Higgins is the Lumber Jacks' "Sky Pilot," and there are 100,000 of them, living without a restraint to brute passion and force. In the midst of them Higgins does his work, passing to and fro among his flock, like Grenfell of Labrador. Norman Duncan saw Higgins at work, stayed at his side, fascinated by what he saw, and he has written a record of human good that will bring a tear to the eye and a quickened beat to the heart.
ecall an intelligent Cornishman--a cook with a kitchen kept sweet and clean--who with a laugh contemplated the catastrophe of the snake-room, and the nervous collapse, and the bedraggled return to the woods.
"Of course," said he, "that's where I'll land in the spring!"
It amazed me.
"Can't help it," said he. "That's where my stake 'll go. Jake Boore 'll get the most of it; and among the lot of them they'll get every cent. I'll blow four hundred dollars in two weeks--if I'm lucky enough to make it go that far."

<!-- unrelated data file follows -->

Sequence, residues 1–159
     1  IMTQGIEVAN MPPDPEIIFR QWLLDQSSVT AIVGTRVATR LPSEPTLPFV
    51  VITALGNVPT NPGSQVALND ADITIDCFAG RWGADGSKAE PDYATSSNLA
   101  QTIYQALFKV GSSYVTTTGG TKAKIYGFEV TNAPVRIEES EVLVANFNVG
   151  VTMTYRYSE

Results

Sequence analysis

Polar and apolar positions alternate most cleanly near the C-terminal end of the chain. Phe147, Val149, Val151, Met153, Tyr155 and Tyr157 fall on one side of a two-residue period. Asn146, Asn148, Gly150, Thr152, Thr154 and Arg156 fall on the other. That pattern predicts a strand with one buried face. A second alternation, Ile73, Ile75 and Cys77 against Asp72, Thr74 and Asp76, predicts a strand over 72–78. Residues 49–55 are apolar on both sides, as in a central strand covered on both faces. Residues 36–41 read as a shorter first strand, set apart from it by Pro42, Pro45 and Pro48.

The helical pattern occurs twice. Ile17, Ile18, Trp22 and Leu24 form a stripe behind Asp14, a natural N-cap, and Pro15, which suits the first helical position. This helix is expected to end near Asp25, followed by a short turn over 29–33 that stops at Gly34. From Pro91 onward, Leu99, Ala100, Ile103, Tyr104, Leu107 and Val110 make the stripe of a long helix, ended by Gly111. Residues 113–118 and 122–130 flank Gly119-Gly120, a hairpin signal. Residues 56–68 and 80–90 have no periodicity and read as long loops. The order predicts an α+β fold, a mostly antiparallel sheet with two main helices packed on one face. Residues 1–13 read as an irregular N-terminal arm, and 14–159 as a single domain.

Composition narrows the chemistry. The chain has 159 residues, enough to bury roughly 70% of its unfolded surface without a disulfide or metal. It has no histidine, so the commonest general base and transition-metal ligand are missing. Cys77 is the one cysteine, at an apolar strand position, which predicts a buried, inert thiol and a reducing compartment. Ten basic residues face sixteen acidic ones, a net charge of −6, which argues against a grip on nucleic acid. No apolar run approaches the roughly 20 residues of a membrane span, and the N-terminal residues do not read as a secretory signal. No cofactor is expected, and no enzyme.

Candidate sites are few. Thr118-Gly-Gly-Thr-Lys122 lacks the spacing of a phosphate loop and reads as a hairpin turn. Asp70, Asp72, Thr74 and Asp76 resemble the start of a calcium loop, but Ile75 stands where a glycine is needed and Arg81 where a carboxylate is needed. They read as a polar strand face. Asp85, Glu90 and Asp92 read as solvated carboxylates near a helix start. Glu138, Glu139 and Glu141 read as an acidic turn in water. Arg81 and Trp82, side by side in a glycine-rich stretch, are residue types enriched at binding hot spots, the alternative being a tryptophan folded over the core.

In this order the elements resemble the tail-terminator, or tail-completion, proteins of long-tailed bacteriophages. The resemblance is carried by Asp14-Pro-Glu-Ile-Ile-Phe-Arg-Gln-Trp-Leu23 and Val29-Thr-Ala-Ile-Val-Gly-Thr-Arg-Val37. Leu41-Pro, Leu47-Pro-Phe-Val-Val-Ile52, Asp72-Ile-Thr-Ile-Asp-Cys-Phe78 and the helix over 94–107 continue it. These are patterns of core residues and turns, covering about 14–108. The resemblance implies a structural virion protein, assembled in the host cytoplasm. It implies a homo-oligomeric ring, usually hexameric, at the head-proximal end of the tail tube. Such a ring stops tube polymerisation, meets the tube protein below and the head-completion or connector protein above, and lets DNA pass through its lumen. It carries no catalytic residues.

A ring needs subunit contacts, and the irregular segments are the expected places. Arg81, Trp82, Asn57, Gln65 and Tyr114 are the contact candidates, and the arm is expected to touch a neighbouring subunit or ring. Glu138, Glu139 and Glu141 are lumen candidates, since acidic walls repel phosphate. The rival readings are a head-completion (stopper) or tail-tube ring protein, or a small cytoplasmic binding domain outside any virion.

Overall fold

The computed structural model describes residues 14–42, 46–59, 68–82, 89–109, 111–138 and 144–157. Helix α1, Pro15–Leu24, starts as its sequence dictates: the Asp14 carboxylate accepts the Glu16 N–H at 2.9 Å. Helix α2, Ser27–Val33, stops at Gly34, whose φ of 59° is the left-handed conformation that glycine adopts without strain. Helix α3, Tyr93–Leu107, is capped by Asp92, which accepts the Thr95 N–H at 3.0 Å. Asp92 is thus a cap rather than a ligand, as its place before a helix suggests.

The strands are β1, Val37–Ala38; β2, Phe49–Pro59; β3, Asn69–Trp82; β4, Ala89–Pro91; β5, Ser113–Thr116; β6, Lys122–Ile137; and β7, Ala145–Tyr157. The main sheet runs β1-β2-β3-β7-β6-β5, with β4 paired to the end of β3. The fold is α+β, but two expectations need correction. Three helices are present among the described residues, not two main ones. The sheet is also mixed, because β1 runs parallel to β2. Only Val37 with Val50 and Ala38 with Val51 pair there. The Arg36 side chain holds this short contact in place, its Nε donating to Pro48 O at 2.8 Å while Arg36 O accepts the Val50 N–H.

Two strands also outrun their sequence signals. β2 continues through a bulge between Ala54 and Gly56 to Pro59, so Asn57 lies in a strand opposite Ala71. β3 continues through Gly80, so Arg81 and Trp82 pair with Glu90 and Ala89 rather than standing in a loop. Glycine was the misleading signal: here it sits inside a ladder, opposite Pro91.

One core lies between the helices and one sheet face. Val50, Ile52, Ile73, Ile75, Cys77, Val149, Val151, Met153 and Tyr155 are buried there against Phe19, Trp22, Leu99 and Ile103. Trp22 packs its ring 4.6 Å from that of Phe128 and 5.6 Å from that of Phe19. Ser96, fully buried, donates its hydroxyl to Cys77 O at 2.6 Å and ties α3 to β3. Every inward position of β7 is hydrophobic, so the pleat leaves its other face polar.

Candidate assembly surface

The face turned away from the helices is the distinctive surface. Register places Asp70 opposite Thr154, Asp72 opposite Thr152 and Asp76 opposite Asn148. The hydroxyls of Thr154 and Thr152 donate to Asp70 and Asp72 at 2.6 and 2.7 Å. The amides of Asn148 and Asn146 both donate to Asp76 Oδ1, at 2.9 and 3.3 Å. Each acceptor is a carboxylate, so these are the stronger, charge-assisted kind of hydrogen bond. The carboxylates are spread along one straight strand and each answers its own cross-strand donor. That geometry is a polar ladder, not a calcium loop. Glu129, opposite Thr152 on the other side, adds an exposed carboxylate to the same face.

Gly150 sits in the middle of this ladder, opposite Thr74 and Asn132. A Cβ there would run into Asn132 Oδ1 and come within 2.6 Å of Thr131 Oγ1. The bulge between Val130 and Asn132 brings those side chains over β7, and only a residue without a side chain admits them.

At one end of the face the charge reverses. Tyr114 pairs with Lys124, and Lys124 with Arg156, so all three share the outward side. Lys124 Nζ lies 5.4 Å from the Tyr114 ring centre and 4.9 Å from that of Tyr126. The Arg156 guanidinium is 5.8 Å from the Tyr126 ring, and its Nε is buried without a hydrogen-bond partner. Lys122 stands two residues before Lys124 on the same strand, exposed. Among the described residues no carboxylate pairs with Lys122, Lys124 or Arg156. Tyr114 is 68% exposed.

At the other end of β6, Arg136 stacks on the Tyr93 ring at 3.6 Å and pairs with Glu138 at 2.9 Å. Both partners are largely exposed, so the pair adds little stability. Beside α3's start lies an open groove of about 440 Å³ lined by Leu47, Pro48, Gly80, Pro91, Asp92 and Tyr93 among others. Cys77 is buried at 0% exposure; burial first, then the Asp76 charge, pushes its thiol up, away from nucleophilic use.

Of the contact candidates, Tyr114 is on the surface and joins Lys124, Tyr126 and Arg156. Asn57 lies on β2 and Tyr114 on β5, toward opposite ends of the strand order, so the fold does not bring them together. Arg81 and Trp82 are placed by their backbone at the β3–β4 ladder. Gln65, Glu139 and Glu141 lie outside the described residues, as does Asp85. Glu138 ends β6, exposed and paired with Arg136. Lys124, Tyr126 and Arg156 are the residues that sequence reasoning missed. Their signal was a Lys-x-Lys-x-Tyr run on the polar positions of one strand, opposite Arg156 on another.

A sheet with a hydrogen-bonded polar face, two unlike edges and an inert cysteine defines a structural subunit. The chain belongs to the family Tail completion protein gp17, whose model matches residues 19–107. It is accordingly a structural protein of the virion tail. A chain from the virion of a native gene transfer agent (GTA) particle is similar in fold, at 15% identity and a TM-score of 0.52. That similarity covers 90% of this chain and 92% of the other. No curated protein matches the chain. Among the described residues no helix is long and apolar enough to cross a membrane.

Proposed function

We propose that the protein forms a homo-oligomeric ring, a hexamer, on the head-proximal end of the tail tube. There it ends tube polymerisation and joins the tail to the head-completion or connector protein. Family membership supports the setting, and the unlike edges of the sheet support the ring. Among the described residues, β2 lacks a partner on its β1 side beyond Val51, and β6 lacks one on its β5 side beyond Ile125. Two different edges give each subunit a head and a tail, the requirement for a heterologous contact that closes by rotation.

"When you know that they rob you?"
"Certainly they will rob me; everybody knows that! But every year for nine years, now, I've tried to get out of the woods with my stake, and haven't done it. I intend to this year; but I know I won't. I'll strike for Deer River when I get my money; and I'll have a drink at Jake Boore's saloon, and when I get that drink down I'll be on my way. It isn't because I want to; it's because I have to."